Deepening Thai troubles scar country

April 28th, 2010 in Asian travel by Terry Lee 0
Thailand's renowned for idyllic beaches like Railay, Krabi

This is a guest post by my husband Terry, for whom Thailand has become a much-loved destination.

As I write this post I’m feeling pretty sad. One of the countries I love most in the world is in a deepening political crisis that threatens it’s ruination. Thailand’s political situation has been worsening – last year pro-government protesters (yellow shirts) blockaded Bangkok’s airport, halting flights for days. Now it’s anti-government protesters (red shirts) that are shouting loudest and the ensuing civil unrest has resulted in a number of countries warning against all non-essential travel to Thailand.

For me this is a very sad day. Thailand is one of my favourite countries – one of the most beautiful places on earth, with kind, generally calm and placid people to match. Thai’s regularly speak in little more than a whisper as they fear raising their voice, in this largely Buddhist society, may cause offence. The country’s culture is as appetising as it’s amazing food and I’ve had many, many good times there. It’s a country Sarah and I love so much we were even married there. So this latest unrest is for me deeply disturbing.

In recent weeks I’ve been rather confused by the tourists holed up at Bangkok’s Suvarnambhumi airport complaining about the problems as they try to flee the capital and head home. I’ve wondered why they don’t head for one of the country’s other incredible destinations, which have been free from demonstrations and the ensuing violence. Places like the fascinating Chiang Mai far in the north, Kanchanaburi famed for the River Kwai,  or one of the idyllic beaches and islands such as Koh Samui, Koh Phi Phi and Krabi’s Railey that have propelled Thailand onto that list of ‘dream destinations’.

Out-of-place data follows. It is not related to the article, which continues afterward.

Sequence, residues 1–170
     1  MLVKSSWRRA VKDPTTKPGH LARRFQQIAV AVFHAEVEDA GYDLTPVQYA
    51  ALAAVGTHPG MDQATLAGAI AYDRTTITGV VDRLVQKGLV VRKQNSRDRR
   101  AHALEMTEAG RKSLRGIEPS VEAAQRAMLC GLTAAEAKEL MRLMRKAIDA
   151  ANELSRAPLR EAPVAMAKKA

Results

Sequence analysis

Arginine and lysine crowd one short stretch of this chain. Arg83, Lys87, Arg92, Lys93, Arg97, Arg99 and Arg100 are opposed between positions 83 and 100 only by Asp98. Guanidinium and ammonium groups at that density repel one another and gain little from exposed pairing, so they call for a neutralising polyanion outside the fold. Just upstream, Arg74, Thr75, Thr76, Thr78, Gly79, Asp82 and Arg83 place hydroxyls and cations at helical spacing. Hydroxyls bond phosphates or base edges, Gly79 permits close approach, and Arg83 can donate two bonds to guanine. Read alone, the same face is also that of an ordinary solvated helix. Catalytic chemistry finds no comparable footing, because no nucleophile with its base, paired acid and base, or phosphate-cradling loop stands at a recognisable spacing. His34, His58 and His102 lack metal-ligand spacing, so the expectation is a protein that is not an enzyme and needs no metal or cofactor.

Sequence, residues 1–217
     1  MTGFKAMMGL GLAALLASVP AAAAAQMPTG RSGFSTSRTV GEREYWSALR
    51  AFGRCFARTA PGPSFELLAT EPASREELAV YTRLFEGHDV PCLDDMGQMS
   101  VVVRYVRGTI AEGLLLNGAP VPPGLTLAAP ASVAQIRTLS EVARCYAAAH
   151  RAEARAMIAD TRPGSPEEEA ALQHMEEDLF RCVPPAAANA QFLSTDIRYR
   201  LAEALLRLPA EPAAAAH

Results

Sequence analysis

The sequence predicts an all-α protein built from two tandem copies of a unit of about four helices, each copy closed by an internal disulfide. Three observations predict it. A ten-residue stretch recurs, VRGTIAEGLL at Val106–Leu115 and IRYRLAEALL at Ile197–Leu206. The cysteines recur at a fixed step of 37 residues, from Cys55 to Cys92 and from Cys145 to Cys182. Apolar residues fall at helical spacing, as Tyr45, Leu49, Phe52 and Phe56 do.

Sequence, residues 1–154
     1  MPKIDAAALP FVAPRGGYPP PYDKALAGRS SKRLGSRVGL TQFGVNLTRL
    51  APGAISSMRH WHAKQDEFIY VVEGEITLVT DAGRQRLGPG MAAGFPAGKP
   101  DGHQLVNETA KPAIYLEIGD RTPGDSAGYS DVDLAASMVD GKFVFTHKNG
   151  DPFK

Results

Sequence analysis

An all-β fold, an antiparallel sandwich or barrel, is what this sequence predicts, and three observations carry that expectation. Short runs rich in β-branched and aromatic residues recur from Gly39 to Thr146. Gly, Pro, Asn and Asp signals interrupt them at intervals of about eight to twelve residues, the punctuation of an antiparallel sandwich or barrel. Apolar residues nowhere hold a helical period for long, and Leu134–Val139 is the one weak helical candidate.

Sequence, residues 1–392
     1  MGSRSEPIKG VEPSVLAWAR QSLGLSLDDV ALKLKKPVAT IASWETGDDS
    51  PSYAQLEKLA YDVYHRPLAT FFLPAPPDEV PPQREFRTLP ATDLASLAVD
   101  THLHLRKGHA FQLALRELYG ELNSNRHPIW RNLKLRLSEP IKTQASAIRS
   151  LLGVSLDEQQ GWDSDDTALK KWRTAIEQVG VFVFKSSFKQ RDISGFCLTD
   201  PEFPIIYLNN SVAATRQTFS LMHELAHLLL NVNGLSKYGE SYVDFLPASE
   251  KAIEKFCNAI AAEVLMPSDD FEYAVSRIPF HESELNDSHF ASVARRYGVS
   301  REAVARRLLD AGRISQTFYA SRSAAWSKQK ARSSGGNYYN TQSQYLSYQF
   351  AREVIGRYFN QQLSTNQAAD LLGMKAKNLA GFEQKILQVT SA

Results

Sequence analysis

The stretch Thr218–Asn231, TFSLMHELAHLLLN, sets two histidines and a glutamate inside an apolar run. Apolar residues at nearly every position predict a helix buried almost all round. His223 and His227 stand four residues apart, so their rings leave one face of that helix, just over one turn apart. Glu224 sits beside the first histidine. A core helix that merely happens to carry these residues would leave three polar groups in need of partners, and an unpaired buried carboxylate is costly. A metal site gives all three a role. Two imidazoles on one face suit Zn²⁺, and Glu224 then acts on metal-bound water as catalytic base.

I had intended this post to encourage people to get out of the capital to what seemed to be safer parts of the country, but the latest warning from the Foreign Office has put paid to that. The Tourism Authority of Thailand is dismayed at the Foreign Office’s blanket warning saying it goes too far. There are of course arguments to support this – Foreign Office warnings can sometimes seem a little heavy-handed or far-reaching.

But the fact is with that now the warning is in place travel insurance policies can become invalidated – so it’s just not worth the risk.

This is yet another tragedy for a country that is being torn apart by politics. It’s a tragedy for travellers who will miss out on one of the greatest treasures the world has to offer, a tragedy for Thailand’s international standing and a tragedy for the millions of Thais who rely so heavily on the tourist economy.

Whether you’re a red shirt or yellow shirt you can be sure of one thing – the country’s political problems are having a huge impact on tourism – one of Thailand’s principal industries. I just hope the country has democratic elections, sooner rather than later, as this appears to be the only way to resolve the current tensions.

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